US hardware giant Lowe’s seems to have succumbed to the inevitable of striking a deal through arbitration with its former partner Woolworths over the winding up of their failed hardware chain Masters after not appealing a ruling by the Federal Court last month. The Aus

WA ‘most unequal’ as wage gap widens

WA is the country’s “most unequal” State and faces a widening gap between average weekly earnings and the incomes of its poor. The WA Council of Social Service’s annual cost of living report, to be released today, shows rising unemployment and increasing casualisation of the State’s workforce are putting pressure on low-income households. The West

Green shoots for Griffin coal

The financial bleeding at troubled Collie coal miner Griffin continued in the three months to July but there are signs the Indian-owned group’s fortunes could improve. The West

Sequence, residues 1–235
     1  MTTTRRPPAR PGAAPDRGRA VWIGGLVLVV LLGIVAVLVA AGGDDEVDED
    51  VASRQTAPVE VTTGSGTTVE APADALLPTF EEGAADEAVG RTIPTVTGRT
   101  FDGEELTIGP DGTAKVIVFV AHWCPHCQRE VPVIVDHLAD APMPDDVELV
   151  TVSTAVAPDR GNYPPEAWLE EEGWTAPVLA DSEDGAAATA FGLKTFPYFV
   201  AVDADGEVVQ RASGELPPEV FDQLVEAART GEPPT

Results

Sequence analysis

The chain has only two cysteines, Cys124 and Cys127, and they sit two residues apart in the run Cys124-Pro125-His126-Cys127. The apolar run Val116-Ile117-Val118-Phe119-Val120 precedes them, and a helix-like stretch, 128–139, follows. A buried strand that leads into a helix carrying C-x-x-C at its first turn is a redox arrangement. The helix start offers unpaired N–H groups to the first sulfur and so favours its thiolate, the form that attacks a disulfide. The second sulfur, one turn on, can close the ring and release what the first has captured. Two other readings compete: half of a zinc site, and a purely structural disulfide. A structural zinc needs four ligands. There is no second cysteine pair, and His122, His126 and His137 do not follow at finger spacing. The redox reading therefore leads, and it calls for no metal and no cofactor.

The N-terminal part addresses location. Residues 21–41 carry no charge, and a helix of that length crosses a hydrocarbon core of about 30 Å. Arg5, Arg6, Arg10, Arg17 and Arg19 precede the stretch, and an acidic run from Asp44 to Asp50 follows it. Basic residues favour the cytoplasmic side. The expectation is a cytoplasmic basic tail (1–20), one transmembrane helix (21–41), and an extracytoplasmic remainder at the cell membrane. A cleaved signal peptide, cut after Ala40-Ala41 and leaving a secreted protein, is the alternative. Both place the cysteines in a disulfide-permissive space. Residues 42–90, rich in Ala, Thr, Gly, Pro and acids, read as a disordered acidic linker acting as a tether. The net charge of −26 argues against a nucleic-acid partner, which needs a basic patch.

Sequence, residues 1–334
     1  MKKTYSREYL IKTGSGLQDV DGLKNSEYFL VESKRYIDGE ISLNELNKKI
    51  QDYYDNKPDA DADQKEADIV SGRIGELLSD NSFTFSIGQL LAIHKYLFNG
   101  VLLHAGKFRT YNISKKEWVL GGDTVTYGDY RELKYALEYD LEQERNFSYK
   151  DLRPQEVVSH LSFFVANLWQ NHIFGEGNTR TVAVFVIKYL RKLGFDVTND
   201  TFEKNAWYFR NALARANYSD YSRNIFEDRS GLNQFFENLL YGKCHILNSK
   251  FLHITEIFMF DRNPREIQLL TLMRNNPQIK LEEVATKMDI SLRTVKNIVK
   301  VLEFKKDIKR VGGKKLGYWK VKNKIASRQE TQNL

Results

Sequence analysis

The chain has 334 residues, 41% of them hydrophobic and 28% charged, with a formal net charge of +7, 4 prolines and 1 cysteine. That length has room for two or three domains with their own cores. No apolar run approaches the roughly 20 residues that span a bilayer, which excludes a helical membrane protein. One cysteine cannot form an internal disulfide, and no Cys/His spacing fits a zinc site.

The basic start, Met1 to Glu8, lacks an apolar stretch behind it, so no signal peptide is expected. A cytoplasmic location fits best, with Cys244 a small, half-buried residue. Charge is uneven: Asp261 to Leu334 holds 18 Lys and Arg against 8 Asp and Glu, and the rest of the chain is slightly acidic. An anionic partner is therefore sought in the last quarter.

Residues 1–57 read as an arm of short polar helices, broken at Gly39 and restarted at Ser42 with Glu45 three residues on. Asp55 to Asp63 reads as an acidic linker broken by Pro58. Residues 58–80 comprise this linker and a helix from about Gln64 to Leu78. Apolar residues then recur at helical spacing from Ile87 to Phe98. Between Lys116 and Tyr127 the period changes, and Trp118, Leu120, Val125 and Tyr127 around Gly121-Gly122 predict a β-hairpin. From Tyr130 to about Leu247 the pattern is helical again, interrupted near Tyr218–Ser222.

The Australian Financial Review

Page 1: Chinese authorities have launched a criminal investigation into staff at Crown Resorts and confirmed they have detained a number of Australians for gambling-related offences.

Former CSIRO physicist John O’Sullivan’s invention of Wi-Fi has earned the national science agency just over $500 million in royalty income from the patents.

Page 2: ‘‘Automated mode is available,’’ says the big screen on the silver Tesla electric vehicle being used by Robert Bosch Australia to road test automated driving technology.

Commercial Airbnb operators who use the home sharing platform to rent out their investment properties in NSW should be required to apply for a development application if it has a significant impact in the neighbourhood, says a report to the Baird government.